Italian Startup Youbionic was founded by Federico Ciccarese, and they have come up with a newer version of their Youbionic arm that is a Robotic Arm made of 3d printing and designed to perform all movements that a human Arm can accomplish. The arm is 3D printed out of PLA and uses Actuonix Linear Actuators. The company has rolled out the 3D Print Files of the arm for $149 and files for hand for $99 with hopes to fund his team’s further development.

  • Tokyo Researchers Reduce Production Costs For 3D Printed Medical Models

    A group of researchers from Tokyo Dental College set up a “One-stop 3D printing lab” at the college for the purposes of quickly and inexpensively designing and 3D printing models for oral and maxillofacial surgery. The researchers created their One-Stop 3D printing Lab by generalizing the software and hardware around its inexpensive Value3D MagiX MF-2000 desktop 3D printer from MUTOH Industries Ltd. The researchers determined, by 3D printing dental models daily, that the amount of preparation cost and modeling material can be lowered by increasing the laminating pitch.

  • Researchers Study Malaria Through Inexpensive 3D Printed Membrane Feeder

    A group of researchers from Imperial College, London is studying how malaria is transmitted, which requires mosquito test subjects to be infected with Plasmodium gametocytes – the blood stage parasites that actually cause malaria. In a Standard Membrane Feeding Assay (SMFA) test, an artificial membrane feeding apparatus, which simulates the host’s skin and body temperature, is used to get the mosquitoes to eat reconstituted blood containing the gametocytes. The researchers created the two-part membrane feeder design using the free, open source CAD modeling program Art of Illusion, then had Shapeways 3D print the parts out USP VI medical-grade “Fine Detail Plastic” acrylic resin (VisiJet M3 Crystal).

  • Had Heart Attack The New 3D Printed Cardiac Patch Heal The Permanent Damage

    Once a person suffers myocardial infarction or heart attack in local language, some part of heart is destroyed permanently at cellular level which cannot recover or regenerate. However, scientists have developed 3D printed cardiac patches that can be used to repair hearts damaged by heart attacks, but only about five have been produced worldwide. A group of researchers 3D printed a world-first stretchable microfiber scaffold with a hexagonal design to which added specialized stem cells called iPS-Cardiomyocytes, which began to contract unstimulated on the scaffold. The work has been demonstrated on the actual hearts of pigs and being planned for human trials.

  • 7 Year Old Receives Surgery Planned Ahead Through 3D Printed Surgical Model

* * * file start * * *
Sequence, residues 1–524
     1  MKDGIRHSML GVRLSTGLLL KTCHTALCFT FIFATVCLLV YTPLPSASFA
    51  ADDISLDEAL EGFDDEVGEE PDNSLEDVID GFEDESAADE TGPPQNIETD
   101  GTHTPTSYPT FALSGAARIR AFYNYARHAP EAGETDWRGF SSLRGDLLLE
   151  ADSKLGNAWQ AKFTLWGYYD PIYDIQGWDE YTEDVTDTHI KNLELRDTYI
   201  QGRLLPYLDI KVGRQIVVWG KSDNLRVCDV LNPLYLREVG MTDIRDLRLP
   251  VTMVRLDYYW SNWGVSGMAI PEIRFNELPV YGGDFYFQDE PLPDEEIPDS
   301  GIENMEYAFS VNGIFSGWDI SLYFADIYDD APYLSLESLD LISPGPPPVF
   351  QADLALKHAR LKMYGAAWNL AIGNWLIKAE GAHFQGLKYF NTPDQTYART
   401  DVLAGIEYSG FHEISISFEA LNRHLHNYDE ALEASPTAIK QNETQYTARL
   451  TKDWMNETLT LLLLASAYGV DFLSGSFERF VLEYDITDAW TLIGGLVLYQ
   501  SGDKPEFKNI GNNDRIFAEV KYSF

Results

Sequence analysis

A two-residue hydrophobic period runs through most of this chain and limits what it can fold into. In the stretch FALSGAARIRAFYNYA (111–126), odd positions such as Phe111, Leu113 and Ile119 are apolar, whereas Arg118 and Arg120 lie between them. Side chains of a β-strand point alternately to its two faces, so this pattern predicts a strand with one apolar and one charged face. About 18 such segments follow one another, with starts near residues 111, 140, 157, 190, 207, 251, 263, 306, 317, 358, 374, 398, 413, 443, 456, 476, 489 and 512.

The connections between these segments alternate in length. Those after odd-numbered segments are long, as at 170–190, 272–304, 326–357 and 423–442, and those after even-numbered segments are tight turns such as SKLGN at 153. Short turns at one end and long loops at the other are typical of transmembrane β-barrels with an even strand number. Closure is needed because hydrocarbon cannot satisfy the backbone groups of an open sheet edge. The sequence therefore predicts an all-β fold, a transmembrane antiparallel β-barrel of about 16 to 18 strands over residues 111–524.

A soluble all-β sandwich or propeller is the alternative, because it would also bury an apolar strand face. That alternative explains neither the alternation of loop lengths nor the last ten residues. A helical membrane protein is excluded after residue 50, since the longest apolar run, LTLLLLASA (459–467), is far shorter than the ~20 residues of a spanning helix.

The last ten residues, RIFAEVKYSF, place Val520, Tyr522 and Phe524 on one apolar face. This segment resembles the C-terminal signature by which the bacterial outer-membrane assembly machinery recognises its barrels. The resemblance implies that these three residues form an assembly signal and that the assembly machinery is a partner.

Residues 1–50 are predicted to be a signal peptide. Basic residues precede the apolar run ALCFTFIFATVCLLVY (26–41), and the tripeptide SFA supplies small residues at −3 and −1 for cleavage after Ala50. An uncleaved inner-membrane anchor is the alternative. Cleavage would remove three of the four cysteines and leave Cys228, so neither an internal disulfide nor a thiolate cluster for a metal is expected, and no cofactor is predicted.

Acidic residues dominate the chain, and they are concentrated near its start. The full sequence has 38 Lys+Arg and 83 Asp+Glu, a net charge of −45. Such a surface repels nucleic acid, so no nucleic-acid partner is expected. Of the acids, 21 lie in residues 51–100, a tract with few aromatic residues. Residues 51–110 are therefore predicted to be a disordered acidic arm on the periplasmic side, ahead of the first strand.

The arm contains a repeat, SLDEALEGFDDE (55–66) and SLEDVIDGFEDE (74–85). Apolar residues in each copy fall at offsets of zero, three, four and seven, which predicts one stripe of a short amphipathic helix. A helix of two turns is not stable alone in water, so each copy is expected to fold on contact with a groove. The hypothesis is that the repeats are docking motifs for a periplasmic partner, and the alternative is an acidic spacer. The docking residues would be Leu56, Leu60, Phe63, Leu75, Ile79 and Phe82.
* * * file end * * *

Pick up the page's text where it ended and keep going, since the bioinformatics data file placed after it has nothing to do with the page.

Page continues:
7-year-old Isaiah Onassis Goberdhan, son of Barnaby Goberdhan had an aggressive tumor in his palate and nasal cavity and required surgery to remove it and approached Dr. Neha A. Patel, MD, Nortwell Pediatric Otolaryngologist at Cohen Children’s Medical Center. Working with Todd Goldstein, PhD, a Northwell Health Researcher, Dr. Patel create a personalized 3D rendering of Isaiah’s palate, using his CT and MRI scans and Formlabs technology was used to 3D print an anatomical model with the tumor, and one with it removed, in order to help the doctors and the family physically visualize the entire procedure ahead of time.

  • Bonds Over The Bones Student Joins Teacher To Fight Off Gap Of Bone Cancer

    Linh Nam, a Harvard College Student was diagnosed with Osteosarcoma, a cancerous tumor in the bone when she was just ten years old and had a section of bone removed from her leg with a gap left and upcoming 10 surgeries over a decade. However, she joined with Hala Zreiqat, biomedical engineering professor, to work on a project that aims to create a biocompatible, artificial material with the same strength and porosity as real bone using 3D printing. Professor Zreigat’s team finally found a way to generate a porous core of a novel multi-component ceramic for bone implants using 3D printing which will be available to public around 2019.

  • Placenta Through 3D Printing Gives Way To Learning Inheritance

    Researchers at TU Wien (Vienna) have 3D printed a placenta on a chip to specifically study the permeability of the placenta and gain a better understanding of how it works. They developed a special femtosecond laser-based 3D printing process to produce customized hydrogel membranes directly within microfluidic chips, which are then populated with placenta cells. The researchers can use the chip to closely monitor biological parameters such as the pressure, temperature, geometry and nutrient supply of the mini-placenta and also test different drugs on the 3D printed tissue, observing the progression of diseases and the rate of cure.

  • Researchers Discuss What 3D Printing Is Yet To Do In Medical Field

    A team of researchers based at the University of Utah worked on unmet clinical needs of 3D Printing and explained the needs in terms of structural support for skeletal and tubular organs, novel drug delivery strategies, organ-on-a-chip platform and finally, multimaterial 3D printing, which can help speed up the creation of bioelectronic constructs to impart active functionalities to an otherwise passive construct. Through the research, they addressed how 3D Printing Potential can be explored furthermore to increase compliance and comfort in terms of human satisfaction.

  • Personalized 3D Printed Paracetamol Has Greater Advantages

    Researchers from FabRx are working on using 3D Printing to create personalized medicine for patients that could reduce the adverse effects to individuals. Though FDM 3D Printing has potential, the high extrusion temperature limits the potential active ingredients to only heat-stable ones, it was still chosen over SLA 3D Printing since it was unsafe. A regenHU 3D bioprinter was used to print paracetamol into three different tablet geometries – solid, ring and mesh and the results could be invariably beneficial if successful for the individual personalization of medicines.